Pracedenti valde affine, a quo differt : floribus synoicis, foliis
basi angustatis, margine minus longe revoluto, superne piano,
acumine longiore apice distinctius denticulato, cellulis mediis
circa duplo longioribus, limbo latiore, e 6 vel 7 seriebus cellu-
larum composite, denique capsula etiam longiore et pro longi-
tudine angustiore.

The longer and narrower capsule easily distinguishes this
species from B. -pendulum.



120 MINNESOTA BOTANICAL STUDIES.

At Cedar lake (June 18).
At Hartford (June 27).
At Foster (June 29).

49. Bryum roseum (WEIS.) SCHREB.
In Kandiyohi county (June 9-13).
Near Ortonville (June 22).

50. Mnium cuspidatum (L. ex p., SCHREB.) LEYSS.
At Granite Falls (June 13, 14).

Near Ortonville (June 25).

At Hartford (June 27).

Near Browns Valley (June 28).

51. Aulacomnium palustre (L.) SCHWAEGR.
At Granite Falls (June 13, 14).

52. Timmia bavarica cucullata (Mx.).
On a shady wooded bank.

At Hartford, on the west shore of Big Stone lake (June 27).

53. Catharinsea macmillani sp. nov. (Plate XIX.)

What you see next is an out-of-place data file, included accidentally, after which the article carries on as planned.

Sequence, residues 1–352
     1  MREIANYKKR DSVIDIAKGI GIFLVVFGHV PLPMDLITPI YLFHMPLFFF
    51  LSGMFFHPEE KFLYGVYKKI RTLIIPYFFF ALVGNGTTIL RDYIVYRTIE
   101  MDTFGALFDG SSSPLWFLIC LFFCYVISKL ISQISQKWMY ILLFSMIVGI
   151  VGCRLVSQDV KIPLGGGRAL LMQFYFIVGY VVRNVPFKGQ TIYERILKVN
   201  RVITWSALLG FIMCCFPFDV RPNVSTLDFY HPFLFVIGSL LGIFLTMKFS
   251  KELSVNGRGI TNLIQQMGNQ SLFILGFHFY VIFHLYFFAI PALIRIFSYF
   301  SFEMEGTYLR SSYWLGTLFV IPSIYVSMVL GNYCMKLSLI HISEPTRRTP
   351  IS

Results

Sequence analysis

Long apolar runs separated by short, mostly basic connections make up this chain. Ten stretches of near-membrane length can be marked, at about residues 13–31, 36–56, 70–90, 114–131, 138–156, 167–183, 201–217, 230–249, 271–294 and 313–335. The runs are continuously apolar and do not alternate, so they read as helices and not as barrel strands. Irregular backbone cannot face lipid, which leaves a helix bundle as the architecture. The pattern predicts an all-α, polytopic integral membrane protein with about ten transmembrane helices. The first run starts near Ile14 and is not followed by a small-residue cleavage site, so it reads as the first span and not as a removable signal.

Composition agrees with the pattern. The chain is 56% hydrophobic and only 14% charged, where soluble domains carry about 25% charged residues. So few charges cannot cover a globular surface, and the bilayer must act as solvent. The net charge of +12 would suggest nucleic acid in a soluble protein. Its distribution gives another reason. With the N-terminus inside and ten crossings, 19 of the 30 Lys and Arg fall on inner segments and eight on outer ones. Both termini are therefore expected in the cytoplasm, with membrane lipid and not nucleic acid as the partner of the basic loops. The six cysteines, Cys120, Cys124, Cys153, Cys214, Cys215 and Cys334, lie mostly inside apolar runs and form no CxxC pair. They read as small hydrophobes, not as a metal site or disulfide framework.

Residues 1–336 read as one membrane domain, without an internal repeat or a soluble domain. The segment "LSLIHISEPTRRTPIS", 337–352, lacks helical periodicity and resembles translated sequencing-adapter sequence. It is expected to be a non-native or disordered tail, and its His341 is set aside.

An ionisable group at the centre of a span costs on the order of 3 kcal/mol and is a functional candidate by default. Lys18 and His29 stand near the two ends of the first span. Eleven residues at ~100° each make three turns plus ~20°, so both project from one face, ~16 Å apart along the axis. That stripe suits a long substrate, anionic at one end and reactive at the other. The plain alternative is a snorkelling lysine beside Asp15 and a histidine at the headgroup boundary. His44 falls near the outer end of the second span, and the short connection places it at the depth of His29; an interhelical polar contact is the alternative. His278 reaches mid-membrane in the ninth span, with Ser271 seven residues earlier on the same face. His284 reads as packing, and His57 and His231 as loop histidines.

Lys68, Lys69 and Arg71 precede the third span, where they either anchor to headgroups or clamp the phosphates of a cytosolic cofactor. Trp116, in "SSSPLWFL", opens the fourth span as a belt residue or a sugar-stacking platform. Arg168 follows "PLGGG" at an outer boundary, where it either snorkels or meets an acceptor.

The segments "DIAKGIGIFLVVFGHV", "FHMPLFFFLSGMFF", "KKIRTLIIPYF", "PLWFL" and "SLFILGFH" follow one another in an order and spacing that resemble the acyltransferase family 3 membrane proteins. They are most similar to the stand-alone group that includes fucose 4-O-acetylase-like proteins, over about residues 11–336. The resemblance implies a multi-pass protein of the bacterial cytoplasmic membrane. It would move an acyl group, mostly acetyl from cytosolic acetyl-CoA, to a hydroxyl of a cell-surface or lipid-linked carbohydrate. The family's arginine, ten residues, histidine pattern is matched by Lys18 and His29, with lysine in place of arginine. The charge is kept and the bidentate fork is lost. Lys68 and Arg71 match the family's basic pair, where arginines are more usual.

Dioica, floribus inventis femineis. Planta simplex, usque ad
2 centim. longa. Folia sicca involuta et circinata, madida
erecto-patentia, margine bistratoso e duabus seriebus cellularum
constructo dentibus geminis serrato ; lamina utraque facie valde
papillosa, inferiore etiam dentata ; lamellis 7-10 cellulas 8-12
aids, cellula terminali leviter papillosa. Castera ignota.

This species is at once distinguished by its papillose leaves.
It is dedicated to Professor Conway MacMillan, director of the
Minnesota Botanical Survey.

On the ground near Ortonville (June 25).

NOTE. The original spelling of the generic name is Cathar-
mcea, not Catharinea.

54. Polytrichum commune L.

Near Ortonville (June 25), in the shade of a granitic outcrop.

55. Polytrichum juniperinum WILLD.
At Granite Falls (June 14).

Near Montevideo (June 17).

56. Polytrichum piliferum SCHREB.
At Granite Falls (June 12).
Near Ortonville (June 23).

57. Fontinalis obscura CARD. sp. nov. (Plate XXII. , 2.)
Planta sat mollis, obscuro- vel atro-viridis, inferne nigricans.

Caulis 10-15 centim. longus, flexuosus, basi denudatus, irregu-